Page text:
Spills and Leaks Updates & Resources

Oilsands pipeline projects look doomed after Nexen oil spill leaves two football fields of black goo


Rebecca Penty and Robert Tuttle | Bloomberg News - July 28th 2015

Press Clipping: It’s becoming increasingly difficult to get oilsands pipeline projects off the ground, and Alberta’s worst spill since 1980 will probably make it tougher. A rupture in a line operated by Nexen, a unit of China’s Cnooc Ltd., spewed 31,500 barrels of bitumen, waste water and sand into the bog-like muskeg of the province’s north this month, igniting outrage from communities along pipeline routes.



July 28th 2015

Press Clipping: On Sunday, July 25, 2010, an oil pipeline owned by Enbridge ruptured and spilled more than one million gallons of toxic tar sands into Talmadge Creek and the Kalamazoo River in Michigan. It was the largest oil spill ever on U.S. soil. Five years and $1.2 billion later, the river is still polluted, and the community is still suffering the impacts of the spill. On the five year anniversary, hundreds of community members and activists from all over the region gathered to commemorate the Kalamazoo River tar sands disaster and organize to stop history from repeating itself in other communities.

Advocates honor anniversary of Kalamazoo tar sands disaster, work to prevent future spills


Editors | Tar Sands Solutions - July 25th 2015

Blog Post: This weekend, activists converged along the Kalamazoo River to commemorate the catastrophic tar sands spill that occurred here five years ago, when an Enbridge pipeline ruptured and spilled over a million gallons of toxic tar sands oil into the Kalamazoo River in the biggest on-shore spill in U.S. history. This weekend’s events, which included a “Healing Walk” along the river, as well as workshops and speeches from members of the community affected by the spill, were attended by hundreds of people from across the region.

Five-year anniversary of Kalamazoo spill reminds us of the dangers of tar sands crude


Jennifer Skene | NRDC - July 25th 2015

Blog Post: On July 25, 2010, an estimated 843,000 gallons of tar sands oil spilled from an Enbridge-owned pipeline into the Kalamazoo River watershed in Calhoun County, Michigan. On the fifth anniversary of this tragedy, communities and activists are coming together at a "Remember Kalamazoo" event in Battle Creek, Michigan, to stand in solidarity with those harmed by the spill and to take a stand against the expansion of tar sands into other communities.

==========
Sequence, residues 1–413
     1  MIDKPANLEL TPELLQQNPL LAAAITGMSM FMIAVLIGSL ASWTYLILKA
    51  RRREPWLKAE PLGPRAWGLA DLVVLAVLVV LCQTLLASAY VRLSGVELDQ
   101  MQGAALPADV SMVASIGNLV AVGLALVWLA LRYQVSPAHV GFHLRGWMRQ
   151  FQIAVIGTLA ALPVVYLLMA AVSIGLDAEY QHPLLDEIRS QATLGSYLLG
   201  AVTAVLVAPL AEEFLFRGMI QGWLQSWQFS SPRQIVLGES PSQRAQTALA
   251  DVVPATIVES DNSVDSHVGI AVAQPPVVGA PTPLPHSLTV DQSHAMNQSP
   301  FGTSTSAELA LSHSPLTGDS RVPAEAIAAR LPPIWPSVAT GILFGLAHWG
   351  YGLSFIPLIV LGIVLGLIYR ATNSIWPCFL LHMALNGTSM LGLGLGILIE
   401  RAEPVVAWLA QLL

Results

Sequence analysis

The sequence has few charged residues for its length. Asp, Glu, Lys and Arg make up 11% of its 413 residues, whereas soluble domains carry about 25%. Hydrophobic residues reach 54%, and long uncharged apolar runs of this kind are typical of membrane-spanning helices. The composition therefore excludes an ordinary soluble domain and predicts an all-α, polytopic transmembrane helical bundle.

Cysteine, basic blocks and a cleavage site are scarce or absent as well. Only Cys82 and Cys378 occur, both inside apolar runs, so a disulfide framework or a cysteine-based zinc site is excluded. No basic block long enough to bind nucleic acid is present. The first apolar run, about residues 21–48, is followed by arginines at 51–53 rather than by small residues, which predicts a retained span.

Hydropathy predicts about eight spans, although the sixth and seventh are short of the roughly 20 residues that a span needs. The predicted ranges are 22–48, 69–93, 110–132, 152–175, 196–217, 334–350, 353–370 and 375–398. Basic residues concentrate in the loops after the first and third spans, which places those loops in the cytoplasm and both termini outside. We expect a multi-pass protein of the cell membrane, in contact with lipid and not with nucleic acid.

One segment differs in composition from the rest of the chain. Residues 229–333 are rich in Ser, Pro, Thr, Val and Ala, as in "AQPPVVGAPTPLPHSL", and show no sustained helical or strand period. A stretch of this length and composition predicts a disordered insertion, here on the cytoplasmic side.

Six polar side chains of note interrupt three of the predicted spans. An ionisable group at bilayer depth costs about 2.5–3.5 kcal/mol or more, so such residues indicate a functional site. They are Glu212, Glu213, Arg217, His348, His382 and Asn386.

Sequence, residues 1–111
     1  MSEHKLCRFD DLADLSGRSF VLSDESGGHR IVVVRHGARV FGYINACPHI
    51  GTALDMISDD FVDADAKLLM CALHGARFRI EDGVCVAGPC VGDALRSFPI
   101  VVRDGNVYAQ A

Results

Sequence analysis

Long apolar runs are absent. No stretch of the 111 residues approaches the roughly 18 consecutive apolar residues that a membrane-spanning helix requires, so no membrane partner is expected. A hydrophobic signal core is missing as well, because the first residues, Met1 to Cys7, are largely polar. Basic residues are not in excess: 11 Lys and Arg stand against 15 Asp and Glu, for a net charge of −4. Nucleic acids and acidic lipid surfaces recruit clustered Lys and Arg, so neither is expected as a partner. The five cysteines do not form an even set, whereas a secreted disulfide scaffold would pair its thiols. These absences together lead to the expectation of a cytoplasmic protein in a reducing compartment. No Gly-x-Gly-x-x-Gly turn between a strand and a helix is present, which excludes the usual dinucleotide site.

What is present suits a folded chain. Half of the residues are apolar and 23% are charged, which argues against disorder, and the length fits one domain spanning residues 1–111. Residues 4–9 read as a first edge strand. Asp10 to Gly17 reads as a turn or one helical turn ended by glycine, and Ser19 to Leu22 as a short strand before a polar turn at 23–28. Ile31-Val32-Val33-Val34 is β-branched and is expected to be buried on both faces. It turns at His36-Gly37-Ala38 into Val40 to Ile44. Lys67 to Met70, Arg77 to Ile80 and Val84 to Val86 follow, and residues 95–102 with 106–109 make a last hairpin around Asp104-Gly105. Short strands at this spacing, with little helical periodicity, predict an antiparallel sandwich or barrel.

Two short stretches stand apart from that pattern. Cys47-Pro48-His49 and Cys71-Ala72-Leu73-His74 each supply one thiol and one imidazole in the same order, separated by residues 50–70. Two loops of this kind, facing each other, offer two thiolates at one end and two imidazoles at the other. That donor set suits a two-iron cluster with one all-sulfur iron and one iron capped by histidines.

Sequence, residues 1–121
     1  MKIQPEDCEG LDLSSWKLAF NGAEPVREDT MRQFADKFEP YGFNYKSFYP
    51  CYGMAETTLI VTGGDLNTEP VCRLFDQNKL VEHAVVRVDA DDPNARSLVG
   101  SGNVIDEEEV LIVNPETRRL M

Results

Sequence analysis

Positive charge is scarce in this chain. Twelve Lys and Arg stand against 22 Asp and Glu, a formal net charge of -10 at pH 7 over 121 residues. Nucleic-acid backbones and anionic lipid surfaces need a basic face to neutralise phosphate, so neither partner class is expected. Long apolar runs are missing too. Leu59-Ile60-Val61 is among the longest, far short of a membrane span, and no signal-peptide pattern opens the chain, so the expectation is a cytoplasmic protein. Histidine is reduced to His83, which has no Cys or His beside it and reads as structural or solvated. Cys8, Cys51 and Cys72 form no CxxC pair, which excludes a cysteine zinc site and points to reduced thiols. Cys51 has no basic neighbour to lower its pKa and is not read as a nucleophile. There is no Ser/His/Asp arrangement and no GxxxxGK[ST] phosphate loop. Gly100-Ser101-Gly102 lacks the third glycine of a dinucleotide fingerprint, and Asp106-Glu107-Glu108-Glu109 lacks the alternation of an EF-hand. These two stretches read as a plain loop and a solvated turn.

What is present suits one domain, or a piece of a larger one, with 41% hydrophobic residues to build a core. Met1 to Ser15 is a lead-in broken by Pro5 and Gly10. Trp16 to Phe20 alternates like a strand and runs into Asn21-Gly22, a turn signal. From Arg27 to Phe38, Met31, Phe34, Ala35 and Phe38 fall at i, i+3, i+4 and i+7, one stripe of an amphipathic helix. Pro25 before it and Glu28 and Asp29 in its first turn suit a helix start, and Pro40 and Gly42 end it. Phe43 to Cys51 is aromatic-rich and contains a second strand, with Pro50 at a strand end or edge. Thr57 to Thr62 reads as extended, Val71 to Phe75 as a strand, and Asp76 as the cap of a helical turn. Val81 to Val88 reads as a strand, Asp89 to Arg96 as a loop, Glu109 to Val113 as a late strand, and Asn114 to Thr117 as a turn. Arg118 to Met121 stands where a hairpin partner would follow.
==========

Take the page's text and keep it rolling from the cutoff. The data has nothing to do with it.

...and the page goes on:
Ewart: Latest pipeline spill provides more fuel for industry’s critics


Stephen Ewart | Calgary Herald - July 24th 2015

Press Clipping: Calgary Herald columnist Stephen Ewart: "Even as Notley gets a lesson in the political realities of getting her fellow premiers onside for any new pipelines from the oilsands at the Council of the Federation in St. John’s, N.L., she also got a reminder of the importance of pipeline concerns back home. It’s a mess on both fronts and — on seemingly every level — it will take a lot of hard work to clean up."

Enbridge expects $40 million fine, EPA’s stiffest ever for a pipeline spill

David Hasemeyer | InsideClimate News - July 23rd 2015

Press Clipping: The Environmental Protection Agency may penalize Enbridge Inc. with the stiffest fine ever imposed under the Clean Water Act for an oil pipeline disaster, based on an InsideClimate News review of EPA enforcement data covering the past 15 years. Enbridge, a Canadian pipeline operator, expects a $40 million penalty for spilling 1 million gallons of tar sands oil into Michigan’s Kalamazoo River five years ago, according to a filing with the Securities and Exchange Commission. Under federal law, the EPA could levy $100 million or more.

Failure of “failsafe” leak detection system a reminder that tar sands pipelines are never safe


Editors | Tar Sands Solutions - July 22nd 2015

Blog Post: Last week, a tar sands pipeline ruptured in Alberta, Canada, spilling thirty-one thousand barrels of tar sands oil, sand, and wastewater, covering about two football fields’ worth of land in one of the largest on-shore oil spills in North American history. The Nexen pipeline that ruptured was only a year old and was equipped with a “failsafe system” designed to monitor the pipeline and detect any leaks. Unfortunately, in this case as in many others, the so-called “failsafe system” failed to live up to its name, and the spill was already well underway before it was detected.

Nexen pipeline spill near Fort McMurray one of the largest in Alberta’s history

CTV | Calgary Staff - July 21st 2015

Press Clipping: A Nexen pipeline has failed, spilling millions of litres of bitumen, produced water and sand at its Long Lake project about 35 kilometres southeast of Fort McMurray. The spill is considered one of the largest oil sands spills in Canada in recent memory, as five million litres has spewed, enough to fill two Olympic sized swimming pools.